Prominent columnist Ebrahim Eissa welcomed the new leadership as a chance to reform the military, but warned that the generals must also resist Islamist influence.
“The disaster would be that we find ourselves forming an army like Pakistan’s that grows beards and fights a war for implementation of Shariah,” he wrote on Wednesday in the daily AlTahrir newspaper.
But the fast changes may reflect more of a re-arranging of the relationship between the military and Mursi, recognising that the armed forces cannot be in direct competition with an elected president. For the younger officers, it is a chance to use the new president to achieve their hopes of changes in the military. There has reportedly long been criticism among younger officers over a sharp decline in professionalism under Tantawi, who built up the military into a bloated institution and political machine that provided patronage.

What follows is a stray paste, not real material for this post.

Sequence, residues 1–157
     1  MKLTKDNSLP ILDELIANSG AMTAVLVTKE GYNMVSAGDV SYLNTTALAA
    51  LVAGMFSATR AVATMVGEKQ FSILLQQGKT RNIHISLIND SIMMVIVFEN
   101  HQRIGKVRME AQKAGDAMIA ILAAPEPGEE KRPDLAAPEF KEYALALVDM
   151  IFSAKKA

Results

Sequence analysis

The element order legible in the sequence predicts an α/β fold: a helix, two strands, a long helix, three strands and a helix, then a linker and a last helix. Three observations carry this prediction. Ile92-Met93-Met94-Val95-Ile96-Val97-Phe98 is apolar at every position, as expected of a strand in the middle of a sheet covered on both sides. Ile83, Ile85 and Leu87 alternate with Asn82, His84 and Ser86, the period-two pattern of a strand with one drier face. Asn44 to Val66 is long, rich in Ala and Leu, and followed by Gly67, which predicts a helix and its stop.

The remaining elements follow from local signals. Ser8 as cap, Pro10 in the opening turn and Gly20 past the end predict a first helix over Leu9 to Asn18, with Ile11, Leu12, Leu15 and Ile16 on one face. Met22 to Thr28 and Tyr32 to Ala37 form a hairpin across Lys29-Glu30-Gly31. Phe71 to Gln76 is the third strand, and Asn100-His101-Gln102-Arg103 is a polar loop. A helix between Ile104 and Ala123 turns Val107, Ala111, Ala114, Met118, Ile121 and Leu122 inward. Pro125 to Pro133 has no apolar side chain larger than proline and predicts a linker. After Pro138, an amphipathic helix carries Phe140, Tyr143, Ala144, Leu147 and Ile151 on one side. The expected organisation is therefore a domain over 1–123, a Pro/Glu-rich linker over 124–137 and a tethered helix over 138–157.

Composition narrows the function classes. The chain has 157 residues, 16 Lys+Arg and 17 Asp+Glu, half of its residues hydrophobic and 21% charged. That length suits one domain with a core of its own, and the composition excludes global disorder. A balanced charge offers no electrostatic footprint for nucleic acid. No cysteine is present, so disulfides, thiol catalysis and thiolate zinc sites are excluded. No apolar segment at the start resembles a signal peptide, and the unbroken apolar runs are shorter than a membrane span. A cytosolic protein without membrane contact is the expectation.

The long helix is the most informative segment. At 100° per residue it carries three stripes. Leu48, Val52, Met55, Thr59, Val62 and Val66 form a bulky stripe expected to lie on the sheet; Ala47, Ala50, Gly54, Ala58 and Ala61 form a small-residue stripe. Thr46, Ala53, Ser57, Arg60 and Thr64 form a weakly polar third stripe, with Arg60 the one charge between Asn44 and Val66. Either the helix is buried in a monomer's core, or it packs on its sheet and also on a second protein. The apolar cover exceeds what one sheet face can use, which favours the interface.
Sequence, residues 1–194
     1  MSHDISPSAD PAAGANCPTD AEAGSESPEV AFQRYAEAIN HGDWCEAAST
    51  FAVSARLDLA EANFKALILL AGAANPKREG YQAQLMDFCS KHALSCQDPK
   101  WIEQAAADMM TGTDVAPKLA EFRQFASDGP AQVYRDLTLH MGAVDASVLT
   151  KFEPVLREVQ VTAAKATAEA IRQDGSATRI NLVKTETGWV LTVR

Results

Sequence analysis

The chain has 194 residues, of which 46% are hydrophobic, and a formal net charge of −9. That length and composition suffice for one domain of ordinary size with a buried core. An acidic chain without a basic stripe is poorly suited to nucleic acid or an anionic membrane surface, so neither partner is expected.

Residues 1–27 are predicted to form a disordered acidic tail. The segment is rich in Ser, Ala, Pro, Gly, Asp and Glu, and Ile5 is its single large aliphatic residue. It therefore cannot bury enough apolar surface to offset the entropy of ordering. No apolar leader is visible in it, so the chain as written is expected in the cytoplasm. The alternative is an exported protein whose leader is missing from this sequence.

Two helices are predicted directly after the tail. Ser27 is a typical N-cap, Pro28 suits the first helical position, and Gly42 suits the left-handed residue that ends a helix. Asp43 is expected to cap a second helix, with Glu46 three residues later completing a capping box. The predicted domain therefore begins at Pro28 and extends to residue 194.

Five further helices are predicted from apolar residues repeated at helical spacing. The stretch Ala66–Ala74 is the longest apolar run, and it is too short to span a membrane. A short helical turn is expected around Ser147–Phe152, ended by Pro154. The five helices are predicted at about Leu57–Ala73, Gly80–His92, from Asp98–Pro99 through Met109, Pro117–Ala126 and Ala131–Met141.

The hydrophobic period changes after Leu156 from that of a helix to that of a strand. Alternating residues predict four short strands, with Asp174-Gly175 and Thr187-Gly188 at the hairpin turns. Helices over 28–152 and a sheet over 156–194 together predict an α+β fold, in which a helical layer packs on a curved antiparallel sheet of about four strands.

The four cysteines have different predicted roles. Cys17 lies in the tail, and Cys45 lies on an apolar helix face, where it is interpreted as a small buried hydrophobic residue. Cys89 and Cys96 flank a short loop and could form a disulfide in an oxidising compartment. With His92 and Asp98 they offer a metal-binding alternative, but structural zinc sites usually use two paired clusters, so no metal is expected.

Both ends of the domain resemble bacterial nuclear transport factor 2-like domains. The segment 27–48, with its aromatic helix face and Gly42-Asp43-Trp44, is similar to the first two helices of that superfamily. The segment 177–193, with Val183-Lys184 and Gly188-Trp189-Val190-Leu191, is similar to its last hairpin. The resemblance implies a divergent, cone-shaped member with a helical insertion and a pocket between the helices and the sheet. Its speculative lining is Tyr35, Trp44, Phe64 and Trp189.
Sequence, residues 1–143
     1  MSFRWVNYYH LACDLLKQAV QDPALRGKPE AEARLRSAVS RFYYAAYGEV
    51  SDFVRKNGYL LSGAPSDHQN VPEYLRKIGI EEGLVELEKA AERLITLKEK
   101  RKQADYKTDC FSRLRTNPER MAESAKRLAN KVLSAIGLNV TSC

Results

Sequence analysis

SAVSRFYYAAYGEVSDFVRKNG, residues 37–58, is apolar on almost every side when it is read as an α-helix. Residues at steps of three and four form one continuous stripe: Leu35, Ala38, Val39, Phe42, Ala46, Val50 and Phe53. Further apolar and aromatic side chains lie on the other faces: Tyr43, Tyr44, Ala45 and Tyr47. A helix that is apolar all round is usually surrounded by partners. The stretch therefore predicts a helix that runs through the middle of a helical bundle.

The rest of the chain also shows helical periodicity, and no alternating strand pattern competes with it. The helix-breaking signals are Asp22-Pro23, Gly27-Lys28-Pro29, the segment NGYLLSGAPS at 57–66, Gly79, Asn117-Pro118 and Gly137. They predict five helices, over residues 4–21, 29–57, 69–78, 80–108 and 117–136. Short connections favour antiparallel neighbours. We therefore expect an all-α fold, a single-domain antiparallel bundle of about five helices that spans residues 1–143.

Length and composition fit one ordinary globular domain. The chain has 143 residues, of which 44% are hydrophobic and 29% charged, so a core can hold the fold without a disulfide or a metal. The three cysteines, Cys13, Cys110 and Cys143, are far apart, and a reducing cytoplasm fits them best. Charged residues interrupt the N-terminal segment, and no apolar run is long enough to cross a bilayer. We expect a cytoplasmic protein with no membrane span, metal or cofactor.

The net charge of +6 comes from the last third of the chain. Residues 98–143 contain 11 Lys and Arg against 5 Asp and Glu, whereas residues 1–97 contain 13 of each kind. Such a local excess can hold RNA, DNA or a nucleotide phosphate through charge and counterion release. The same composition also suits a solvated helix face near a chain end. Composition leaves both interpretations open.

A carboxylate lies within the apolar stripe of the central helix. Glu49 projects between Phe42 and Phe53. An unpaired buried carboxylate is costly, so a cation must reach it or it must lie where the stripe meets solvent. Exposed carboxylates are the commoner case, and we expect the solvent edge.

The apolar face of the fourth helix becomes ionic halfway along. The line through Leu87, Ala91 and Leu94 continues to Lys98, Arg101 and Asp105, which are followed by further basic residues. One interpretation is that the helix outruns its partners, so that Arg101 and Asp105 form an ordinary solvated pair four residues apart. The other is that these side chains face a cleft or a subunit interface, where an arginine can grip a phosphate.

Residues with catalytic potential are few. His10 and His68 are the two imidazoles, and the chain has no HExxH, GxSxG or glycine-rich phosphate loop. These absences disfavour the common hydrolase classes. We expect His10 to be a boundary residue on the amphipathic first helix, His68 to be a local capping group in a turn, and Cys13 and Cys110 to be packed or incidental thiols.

“Most of the generals were of retirement age ... The difference in age between them and the troops was large, and was closing the road to them for promotions,” said Mohammad Kadri Saeed, a former military man who is now an analyst with the Al Ahram Centre for Strategic and Political Studies.
“It wasn’t that there was a revolt but criticism and a difference in the way of thinking,” he said.
Al Sissi could bring significant changes in the military’s focus.
The United States, Egypt’s top ally and provider of billions of dollars to its military, had long pushed Tantawi to turn Egypt’s military toward counterterrorism. US Defence Secretary Leon Panetta spoke to Al Sissi on Tuesday and said Al Sissi promised not to allow the Sinai to become a staging ground for militants.